When I was pregnant with my son Lucas 14 years ago, my then-husband and I attended a prenatal class to prepare us for childbirth. The class, which focused mainly on me and what I should expect, consisted of a couple of 3-hour sessions a week or so apart. Aside from having interacted with babies in his family, that class was my husband’s only real meaningful gathering of information leading up to the birth of our baby. Well, the class, and … me. I was the primary source of expertise on all things baby.
My nightstand hosted a small library of baby-care books, from the requisite What to Expect tome to more specific books offering insight on successful breastfeeding, attachment parenting, and gentle sleep-training solutions. I read them all. My husband went about his business as usual, barely glancing at the books I was so desperately trying to commit to memory. It wasn’t that he didn’t care — it’s that he assumed I would share the information with him when the need arose. He believed I had everything under control. And honestly, I was fine with that because so did I.
The resentment didn’t show up until a few weeks after the baby was born. The arrangement my then-husband and I had painted ourselves into was a common one when I was pregnant 14 years ago, and it’s still a common one today: the role of mother as gatekeeper.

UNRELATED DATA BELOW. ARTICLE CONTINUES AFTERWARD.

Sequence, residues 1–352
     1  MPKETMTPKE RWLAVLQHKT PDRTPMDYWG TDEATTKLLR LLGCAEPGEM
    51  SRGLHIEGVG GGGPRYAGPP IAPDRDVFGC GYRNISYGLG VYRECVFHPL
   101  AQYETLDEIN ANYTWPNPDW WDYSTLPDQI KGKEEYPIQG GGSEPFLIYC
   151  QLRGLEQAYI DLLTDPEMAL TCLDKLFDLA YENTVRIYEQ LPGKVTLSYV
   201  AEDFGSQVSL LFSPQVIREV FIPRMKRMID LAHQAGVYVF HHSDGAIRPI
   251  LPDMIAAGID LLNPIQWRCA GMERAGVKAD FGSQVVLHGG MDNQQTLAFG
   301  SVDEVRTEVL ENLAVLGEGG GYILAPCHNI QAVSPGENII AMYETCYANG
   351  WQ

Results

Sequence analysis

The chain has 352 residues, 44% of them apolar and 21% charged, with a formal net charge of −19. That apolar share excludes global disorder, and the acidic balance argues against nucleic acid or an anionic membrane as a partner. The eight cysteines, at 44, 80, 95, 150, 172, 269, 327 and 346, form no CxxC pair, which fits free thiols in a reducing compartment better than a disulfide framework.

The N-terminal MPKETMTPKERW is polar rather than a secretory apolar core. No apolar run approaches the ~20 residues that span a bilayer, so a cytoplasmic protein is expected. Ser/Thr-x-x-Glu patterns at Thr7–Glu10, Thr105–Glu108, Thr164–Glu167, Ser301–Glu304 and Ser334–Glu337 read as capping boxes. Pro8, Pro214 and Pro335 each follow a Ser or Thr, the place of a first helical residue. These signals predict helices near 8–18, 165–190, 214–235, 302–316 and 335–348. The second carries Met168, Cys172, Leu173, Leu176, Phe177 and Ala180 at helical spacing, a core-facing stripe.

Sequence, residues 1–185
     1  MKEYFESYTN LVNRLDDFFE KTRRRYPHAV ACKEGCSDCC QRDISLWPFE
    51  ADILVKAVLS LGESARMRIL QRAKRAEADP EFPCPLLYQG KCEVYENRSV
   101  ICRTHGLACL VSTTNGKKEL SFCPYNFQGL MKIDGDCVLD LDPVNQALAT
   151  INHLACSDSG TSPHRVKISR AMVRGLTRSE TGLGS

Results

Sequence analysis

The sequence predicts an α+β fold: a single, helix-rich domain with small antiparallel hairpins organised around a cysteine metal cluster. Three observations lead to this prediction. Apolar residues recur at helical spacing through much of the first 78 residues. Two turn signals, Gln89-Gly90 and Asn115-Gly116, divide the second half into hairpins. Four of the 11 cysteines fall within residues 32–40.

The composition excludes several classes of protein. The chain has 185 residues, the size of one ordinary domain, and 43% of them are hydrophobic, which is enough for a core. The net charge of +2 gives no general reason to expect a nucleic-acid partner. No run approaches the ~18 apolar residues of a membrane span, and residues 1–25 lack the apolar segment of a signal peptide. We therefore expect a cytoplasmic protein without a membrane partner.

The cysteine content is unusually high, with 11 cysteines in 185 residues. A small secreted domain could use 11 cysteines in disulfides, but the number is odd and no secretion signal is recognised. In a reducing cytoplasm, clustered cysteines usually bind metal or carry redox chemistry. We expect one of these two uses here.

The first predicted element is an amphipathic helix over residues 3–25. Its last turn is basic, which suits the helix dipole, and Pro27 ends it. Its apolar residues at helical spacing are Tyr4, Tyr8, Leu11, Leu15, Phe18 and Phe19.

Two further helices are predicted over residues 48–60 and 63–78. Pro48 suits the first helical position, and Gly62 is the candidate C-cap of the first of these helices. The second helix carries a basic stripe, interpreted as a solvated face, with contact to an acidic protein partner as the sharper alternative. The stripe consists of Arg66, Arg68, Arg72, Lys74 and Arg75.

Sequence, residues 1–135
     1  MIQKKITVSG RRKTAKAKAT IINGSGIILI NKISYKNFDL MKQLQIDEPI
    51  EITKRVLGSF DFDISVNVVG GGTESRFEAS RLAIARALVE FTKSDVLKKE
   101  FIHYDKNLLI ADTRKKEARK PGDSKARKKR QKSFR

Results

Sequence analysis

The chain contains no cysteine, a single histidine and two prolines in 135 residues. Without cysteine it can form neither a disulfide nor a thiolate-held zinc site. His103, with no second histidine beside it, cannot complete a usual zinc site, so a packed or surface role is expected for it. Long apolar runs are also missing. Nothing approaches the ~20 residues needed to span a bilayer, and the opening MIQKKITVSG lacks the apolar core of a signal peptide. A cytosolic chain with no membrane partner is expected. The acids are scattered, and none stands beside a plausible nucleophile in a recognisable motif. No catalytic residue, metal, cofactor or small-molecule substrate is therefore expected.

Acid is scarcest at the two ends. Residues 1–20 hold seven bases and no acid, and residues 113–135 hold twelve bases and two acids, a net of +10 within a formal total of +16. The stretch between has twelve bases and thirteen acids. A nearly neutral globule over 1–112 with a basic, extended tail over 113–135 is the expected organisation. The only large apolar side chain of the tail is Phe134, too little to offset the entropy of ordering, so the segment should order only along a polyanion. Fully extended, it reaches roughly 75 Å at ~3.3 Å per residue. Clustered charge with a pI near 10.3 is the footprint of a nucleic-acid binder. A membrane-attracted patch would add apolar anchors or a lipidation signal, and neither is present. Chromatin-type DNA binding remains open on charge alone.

In this arrangement, Mother is the expert and primary parent, and Dad plays a secondary role — a supporting role. Mother holds all knowledge and has veto power over everything to do with the baby.
Not only is this not an equal partnership, but it puts both Mom and Dad in a position where they may feel resentment for their needs not being met. This was the case with me and my kids’ father. I quickly came to resent being the only decision-maker, the only one who knew where things were, the only one who could calm the baby. It was not an empowering role for me. I wanted help. I wanted an equal partner. But I was the one who had read all the books and therefore possessed all the information. It wasn’t just that I was the only one with milk-filled breasts — I also had tons of tricks up my sleeves that I’d learned from reading all those books.
My husband’s position wasn’t any better. He was eager to help but felt deferring to me was not only the wisest option, but also the more respectful one. He trusted my ability to mother, to handle any problem that arose, to know the answers. And that’s a fair assumption since I behaved as gatekeeper. I was controlling and critical. I wielded my veto power frequently and with impunity. If I didn’t feel he was doing enough, I became frustrated with him. If I didn’t think he was doing something right, I nitpicked him.
It didn’t matter that I know I was supposed to let my partner do things his own way and not micromanage him; I couldn’t control myself. I was the one who’d gone to the trouble to read all those books. I was the one who did all that work. And then, on top of all the exhaustion that came along with new motherhood, I also had to play the role of instructor? I was super not into it, and I took it out on him.